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City eyes new tools to improve housing


October 27, 2010
The city of Berlin is taking action against its absentee landlords and is seeking an ordinance to hold them accountable for the actions of their tenants. The ordinance, which is nearing completion for Council approval in November will be used in conjunction with a new state law set to take affect on January 1, 2011. That law will allow officials place liens against properties if the owners do not pay building code violations.

For several years now Berlin officials have sought a means to improve the city's housing, said Mayor Paul Grenier. "We are in the process of adopting a series of new ordinances in the community that will allow us to cite negligent landlords that refuse to clean their property," he said. "It's all in an effort to put a crimp in these irresponsible slumlords that we have in our town and I would be thrilled to death if we could put them all out."

Under the new city ordinance a landlord will be forced to evict tenants who cause a large amount of public disturbance, explained Lt. Barney Valliere of the Berlin Police Department. "Disorderly action is what we're looking at and the actions of tenants," he said. Lt. Valliere, who has been working on drawing up the ordinance with housing coordinator Andre Caron and city manager Pat McQueen, explained that the additional ordinance came about after continued visits to the same addresses on School Street, Burgess Street, Champlain Street, and Rockingham Street, just to name a few. Over time, he said, these buildings without landlords present and without managers to act on their behalf have become run down and rampant with problems for the local police department and emergency services. The police are called to the tenements many times over during the year to address problems, he said.

Under the new ordinance, which is currently under review, a landlord will be required to evict any tenants that are seen to have caused an excess amount of "disorderly action," he said. This will bring an improved atmosphere to other tenants who are trying to live in peace, he said. "We're moving forward. We don't want to harm any landlord, we're just giving people who live in an apartment a better place to live."

By eliminating the large number of calls to these buildings the police department seeks also to improve community relations by working proactively to solve the community's problems and address the factors that contribute to crime rather than how the officers respond to crime. This will also make for a better police department, Lt. Valliere said. "We're trying to eliminate some issues and that will allow us to do more community policing rather than reacting to these problems anymore," he said.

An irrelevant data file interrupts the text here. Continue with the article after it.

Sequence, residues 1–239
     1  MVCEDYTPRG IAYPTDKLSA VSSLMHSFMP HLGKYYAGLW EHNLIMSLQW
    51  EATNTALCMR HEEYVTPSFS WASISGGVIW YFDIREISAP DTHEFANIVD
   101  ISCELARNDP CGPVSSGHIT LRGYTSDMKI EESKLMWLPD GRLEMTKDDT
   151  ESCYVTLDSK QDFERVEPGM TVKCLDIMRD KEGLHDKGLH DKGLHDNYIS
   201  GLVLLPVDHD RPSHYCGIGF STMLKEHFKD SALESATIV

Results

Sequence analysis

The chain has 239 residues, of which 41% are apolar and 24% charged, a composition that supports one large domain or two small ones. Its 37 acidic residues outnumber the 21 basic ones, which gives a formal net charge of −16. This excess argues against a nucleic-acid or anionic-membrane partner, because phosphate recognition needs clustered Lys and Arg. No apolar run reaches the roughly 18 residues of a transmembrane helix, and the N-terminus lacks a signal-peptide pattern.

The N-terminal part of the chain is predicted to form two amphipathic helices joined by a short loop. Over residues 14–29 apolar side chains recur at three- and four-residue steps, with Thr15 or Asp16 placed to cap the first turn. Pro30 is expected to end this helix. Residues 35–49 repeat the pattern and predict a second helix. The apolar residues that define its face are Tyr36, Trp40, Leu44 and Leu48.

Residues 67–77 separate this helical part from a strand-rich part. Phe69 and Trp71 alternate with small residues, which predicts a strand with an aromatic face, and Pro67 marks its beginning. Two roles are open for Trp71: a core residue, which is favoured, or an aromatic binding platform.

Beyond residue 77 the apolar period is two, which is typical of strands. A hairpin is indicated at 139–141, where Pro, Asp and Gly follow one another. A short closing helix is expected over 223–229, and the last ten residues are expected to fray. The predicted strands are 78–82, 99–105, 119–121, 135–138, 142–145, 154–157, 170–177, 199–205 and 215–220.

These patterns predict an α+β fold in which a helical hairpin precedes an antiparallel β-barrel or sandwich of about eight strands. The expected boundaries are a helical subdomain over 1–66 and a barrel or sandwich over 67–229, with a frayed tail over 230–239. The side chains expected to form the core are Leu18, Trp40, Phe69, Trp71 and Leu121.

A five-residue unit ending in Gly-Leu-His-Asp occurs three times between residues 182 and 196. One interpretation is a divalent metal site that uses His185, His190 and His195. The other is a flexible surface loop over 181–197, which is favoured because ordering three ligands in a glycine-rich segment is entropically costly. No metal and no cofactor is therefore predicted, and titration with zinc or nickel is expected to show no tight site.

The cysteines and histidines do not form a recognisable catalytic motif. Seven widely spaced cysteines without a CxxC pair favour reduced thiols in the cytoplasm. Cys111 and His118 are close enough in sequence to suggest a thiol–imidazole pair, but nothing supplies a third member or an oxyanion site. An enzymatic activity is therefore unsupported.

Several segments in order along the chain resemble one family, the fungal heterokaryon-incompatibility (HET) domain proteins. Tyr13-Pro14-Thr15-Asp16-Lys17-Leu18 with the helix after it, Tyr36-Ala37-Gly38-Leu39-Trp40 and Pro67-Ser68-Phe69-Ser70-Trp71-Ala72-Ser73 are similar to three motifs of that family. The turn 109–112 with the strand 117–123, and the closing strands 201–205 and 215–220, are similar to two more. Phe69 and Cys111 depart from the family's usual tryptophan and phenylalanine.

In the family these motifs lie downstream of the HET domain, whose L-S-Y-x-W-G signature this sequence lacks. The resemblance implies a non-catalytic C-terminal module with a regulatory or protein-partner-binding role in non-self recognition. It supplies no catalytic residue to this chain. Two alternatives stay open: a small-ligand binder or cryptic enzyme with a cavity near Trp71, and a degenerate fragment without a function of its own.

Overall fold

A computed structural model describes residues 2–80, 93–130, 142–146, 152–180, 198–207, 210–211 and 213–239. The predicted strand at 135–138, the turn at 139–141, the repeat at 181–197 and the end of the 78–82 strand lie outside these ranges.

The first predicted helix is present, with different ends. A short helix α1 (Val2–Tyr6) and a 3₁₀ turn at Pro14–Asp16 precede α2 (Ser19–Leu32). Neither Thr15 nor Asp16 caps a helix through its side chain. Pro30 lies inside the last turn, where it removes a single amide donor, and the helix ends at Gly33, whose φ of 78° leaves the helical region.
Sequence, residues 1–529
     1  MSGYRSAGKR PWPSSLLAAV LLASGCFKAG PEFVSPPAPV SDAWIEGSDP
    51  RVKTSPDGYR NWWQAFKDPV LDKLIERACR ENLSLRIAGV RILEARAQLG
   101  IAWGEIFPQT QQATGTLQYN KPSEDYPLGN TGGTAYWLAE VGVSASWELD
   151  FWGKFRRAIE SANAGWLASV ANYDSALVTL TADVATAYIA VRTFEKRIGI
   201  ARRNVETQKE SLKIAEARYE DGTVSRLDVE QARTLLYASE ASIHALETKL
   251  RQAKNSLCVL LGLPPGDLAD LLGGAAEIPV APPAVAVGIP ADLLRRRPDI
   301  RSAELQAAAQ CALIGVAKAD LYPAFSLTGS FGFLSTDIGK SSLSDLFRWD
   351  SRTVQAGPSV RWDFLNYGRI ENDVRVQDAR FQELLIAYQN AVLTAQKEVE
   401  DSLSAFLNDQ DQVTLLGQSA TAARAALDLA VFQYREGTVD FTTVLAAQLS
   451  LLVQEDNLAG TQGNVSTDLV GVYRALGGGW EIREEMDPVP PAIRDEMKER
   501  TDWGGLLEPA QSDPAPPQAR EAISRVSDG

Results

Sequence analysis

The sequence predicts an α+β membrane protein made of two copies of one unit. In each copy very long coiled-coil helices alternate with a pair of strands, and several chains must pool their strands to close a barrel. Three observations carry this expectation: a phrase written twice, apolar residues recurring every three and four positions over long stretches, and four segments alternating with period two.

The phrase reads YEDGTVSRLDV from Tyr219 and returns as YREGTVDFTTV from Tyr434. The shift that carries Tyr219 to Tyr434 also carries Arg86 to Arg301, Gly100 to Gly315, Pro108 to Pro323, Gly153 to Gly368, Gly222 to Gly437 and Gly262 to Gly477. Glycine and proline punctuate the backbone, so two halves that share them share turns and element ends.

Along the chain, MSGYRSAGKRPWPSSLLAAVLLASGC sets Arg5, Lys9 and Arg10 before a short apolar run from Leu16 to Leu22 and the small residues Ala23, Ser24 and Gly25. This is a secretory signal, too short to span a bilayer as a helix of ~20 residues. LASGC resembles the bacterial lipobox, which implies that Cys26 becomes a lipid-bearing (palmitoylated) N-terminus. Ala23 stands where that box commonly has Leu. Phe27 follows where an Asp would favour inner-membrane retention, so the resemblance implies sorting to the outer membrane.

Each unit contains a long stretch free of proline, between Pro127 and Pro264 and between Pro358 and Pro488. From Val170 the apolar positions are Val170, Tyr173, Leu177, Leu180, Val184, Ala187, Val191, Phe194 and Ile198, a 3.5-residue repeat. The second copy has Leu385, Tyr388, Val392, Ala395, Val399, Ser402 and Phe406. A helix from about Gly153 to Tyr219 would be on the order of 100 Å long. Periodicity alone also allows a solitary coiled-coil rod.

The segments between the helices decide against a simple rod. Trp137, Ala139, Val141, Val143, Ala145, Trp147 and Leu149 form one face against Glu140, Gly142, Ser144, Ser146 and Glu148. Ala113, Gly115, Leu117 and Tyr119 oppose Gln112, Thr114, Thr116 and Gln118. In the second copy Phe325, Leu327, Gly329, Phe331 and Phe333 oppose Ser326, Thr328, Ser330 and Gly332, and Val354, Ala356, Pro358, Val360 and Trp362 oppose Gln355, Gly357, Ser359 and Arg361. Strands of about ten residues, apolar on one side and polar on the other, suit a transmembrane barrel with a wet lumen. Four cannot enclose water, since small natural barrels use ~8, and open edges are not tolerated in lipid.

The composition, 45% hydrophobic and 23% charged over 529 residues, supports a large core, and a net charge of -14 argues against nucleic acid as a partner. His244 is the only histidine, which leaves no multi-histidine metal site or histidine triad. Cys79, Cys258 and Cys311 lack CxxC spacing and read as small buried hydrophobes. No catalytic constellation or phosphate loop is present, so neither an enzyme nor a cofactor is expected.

"It's a continuous battle to try to deal with these housing issues,' said city manager Pat McQueen said. "Berlin has one of the worst housing problems in the state." Nashua and Manchester, which also boast similar problems, he said, receive more state attention in this regard. "It took three years to get the laws regarding tax deeded property to change," he explained, referring to new law, "even if it took the city of Manchester to do it, it's been done and we're happy about that."

Senate Bill 354-FN, which Governor John Lynch signed into law on June 22, will authorize the city to take action against delinquent tenement owners for health, building, or fire safety code violations by placing a lien on their property. It also requires that there be a designated agent to be available on their behalf if the landlord does not himself live on the property, according to the bill's text. Landlords will be subject to a $1,000 civil penalty as well as any attorney fees incurred by the city and if the lien is not satisfied within 120 days, the city has the option of foreclosing on the property. All landlords will be required to file with the city to name their agent or manager and pay a fee to be set at the discretion of the city officials, the bill reads.

This new law is an encouraging addition to a number of tools that will be at the city's disposal, said Mr. McQueen. The ordinance, which is currently being reviewed to ensure that it stands the test of law, will be coupled with it for greater leverage, he said. "It will be a big bite to finally getting our arms around the housing issue like we've never had before," he said. "We've come a long way."

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